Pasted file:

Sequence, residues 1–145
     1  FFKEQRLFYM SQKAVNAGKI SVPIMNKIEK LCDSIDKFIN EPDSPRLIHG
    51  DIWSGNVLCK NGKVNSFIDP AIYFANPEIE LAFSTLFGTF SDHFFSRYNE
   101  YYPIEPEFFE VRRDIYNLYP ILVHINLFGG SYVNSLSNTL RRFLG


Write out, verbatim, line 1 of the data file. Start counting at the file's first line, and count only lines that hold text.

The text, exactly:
Sequence, residues 1–145